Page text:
Alongside the main seven barriers to strengthening community services that we cite in this report, there are some additional and more specific issues that are holding some community service providers back from driving the STP/ICS agenda, including:
- The centre focusing STPs on restoring financial balance and constitutional targets, rather than prevention and strengthening community services.
- Acute trusts tend to dominate STPs, both in leadership and issues such as their challenging financial situation and the reconfiguration of hospital services. It is difficult to innovate and develop new models of care when there is no financial headroom to do that at system level.
- Decades of structural reorganisation have led to the fragmentation of community health service provision across an STP footprint or across several STP footprints, so it is more challenging for a community trust to have a strong voice at STP level.
- Community services do not have a strong narrative and national voice to explain their service offer and role in the system. This is exacerbated by there being no visible leadership for the community sector within NHS England, NHS Improvement and Department of Health and Social Care.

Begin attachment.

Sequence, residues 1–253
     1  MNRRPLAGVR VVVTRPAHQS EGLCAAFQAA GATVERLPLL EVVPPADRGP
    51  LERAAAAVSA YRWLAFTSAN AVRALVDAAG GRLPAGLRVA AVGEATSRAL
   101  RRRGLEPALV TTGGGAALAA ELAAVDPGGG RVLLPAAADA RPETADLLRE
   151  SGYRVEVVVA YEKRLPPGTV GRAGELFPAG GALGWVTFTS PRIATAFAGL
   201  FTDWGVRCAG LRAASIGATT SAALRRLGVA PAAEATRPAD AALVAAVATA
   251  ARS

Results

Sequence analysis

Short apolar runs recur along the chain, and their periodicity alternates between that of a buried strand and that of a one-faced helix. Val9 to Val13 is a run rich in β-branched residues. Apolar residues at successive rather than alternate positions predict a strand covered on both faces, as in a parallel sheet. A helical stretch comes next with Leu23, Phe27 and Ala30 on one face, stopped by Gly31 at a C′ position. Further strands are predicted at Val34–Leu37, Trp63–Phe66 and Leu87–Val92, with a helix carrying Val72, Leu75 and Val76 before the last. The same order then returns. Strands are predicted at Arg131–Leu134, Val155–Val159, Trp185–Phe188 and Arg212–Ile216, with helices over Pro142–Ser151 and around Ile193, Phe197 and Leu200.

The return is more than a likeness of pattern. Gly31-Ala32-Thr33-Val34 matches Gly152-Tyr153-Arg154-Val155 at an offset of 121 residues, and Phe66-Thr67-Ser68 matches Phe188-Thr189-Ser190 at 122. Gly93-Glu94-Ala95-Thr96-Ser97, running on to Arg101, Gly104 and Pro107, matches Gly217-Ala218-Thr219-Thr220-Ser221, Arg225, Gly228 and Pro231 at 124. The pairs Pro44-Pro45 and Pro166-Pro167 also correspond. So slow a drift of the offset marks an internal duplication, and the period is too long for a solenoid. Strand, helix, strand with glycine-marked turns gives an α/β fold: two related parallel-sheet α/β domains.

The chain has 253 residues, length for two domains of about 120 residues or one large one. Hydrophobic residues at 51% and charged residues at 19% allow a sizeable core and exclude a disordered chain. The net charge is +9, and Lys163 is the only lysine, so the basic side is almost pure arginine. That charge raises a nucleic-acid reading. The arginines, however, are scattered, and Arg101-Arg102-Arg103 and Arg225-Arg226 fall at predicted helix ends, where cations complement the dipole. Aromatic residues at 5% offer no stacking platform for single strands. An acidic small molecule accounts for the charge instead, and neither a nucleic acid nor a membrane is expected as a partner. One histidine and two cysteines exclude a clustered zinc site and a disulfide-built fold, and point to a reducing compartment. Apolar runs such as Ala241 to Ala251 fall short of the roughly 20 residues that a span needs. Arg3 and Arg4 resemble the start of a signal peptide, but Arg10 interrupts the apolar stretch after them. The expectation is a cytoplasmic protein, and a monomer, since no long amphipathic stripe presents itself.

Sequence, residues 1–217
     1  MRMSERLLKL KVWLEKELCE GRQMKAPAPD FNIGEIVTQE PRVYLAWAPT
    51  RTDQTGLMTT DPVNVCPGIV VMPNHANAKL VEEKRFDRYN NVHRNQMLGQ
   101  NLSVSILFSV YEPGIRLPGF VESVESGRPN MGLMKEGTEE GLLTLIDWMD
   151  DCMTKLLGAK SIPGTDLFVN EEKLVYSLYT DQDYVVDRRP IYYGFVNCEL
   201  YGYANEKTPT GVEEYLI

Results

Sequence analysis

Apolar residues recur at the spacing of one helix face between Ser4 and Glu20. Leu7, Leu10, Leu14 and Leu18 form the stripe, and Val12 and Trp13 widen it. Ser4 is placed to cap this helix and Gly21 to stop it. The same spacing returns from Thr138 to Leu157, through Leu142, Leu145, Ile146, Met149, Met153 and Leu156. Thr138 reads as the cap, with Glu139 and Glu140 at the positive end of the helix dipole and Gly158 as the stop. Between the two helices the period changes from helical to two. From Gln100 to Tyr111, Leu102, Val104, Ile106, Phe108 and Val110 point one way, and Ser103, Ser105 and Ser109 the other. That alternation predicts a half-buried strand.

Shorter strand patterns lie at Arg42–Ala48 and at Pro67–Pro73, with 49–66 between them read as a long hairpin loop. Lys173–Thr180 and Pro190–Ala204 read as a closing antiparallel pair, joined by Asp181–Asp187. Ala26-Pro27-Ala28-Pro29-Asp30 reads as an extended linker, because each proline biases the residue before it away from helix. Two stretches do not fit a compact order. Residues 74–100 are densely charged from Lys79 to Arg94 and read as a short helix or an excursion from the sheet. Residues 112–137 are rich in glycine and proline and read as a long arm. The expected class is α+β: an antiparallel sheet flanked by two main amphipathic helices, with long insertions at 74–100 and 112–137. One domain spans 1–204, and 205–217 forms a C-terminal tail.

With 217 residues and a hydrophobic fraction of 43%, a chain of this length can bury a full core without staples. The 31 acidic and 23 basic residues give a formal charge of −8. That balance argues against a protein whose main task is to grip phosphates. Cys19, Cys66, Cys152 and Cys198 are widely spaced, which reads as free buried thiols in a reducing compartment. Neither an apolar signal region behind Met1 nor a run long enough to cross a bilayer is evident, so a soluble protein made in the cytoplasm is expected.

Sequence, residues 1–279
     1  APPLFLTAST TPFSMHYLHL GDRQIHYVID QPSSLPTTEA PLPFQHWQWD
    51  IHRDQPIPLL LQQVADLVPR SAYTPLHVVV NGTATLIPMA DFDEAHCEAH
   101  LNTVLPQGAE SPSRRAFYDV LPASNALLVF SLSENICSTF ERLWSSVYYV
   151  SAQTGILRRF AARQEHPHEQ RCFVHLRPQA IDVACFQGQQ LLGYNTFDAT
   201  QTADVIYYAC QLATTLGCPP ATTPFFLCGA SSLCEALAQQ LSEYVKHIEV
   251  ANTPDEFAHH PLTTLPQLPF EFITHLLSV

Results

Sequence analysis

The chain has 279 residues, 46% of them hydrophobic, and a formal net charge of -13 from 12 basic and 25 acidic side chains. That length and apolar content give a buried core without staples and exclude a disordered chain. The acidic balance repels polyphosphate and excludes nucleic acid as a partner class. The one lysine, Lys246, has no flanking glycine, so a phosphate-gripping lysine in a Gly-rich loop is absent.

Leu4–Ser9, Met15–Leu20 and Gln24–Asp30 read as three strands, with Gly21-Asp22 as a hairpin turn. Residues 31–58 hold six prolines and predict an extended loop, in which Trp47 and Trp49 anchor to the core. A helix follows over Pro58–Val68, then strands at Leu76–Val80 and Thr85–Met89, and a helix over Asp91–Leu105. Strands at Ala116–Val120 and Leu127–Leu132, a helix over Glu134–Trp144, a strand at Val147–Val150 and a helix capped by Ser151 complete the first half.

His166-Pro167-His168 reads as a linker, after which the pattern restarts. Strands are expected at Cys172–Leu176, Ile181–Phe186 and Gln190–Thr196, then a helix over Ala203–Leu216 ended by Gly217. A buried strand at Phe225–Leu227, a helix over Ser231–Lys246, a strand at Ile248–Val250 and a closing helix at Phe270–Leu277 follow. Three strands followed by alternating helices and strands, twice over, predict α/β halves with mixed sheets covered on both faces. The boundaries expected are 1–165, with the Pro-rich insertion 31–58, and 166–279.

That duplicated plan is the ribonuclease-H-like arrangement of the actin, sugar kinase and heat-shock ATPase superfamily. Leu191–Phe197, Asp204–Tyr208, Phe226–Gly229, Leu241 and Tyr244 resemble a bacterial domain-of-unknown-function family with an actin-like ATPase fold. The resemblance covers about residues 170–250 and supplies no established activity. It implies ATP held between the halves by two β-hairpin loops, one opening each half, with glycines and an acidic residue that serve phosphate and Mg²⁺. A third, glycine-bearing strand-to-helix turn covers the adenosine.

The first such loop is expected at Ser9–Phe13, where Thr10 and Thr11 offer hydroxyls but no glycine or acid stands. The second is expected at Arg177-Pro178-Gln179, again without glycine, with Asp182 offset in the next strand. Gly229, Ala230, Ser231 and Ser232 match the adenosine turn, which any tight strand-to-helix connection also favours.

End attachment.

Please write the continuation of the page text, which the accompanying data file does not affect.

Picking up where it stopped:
- As some trusts providing community services do not employ consultant medical staff, there is no strong clinician voice to push forward their agenda.
The lack of visible national leadership and prioritisation of community services is epitomised by the fact that the FYFV on community services was abandoned.
There is a stark contrast between the stated strategic level commitment to strengthening community services in policy documents like the FYFV and the detailed planning required to make it happen. It is worrying that despite STPs offering an important opportunity to deliver strengthened community services, it is becoming increasingly clear that this is not being consistently delivered.
To achieve stronger community services, as the NHS has done in the mental health sector, there needs to be movement beyond the top level platitude of 'moving care closer to home' to create a concrete, detailed vision and plan of what is required to strengthen community services and how this will be achieved. This requires appropriate, well-resourced national leadership from the national bodies and the Department of Health and Social Care. It also means community services being given appropriate priority in all key decisions and policy and strategic frameworks.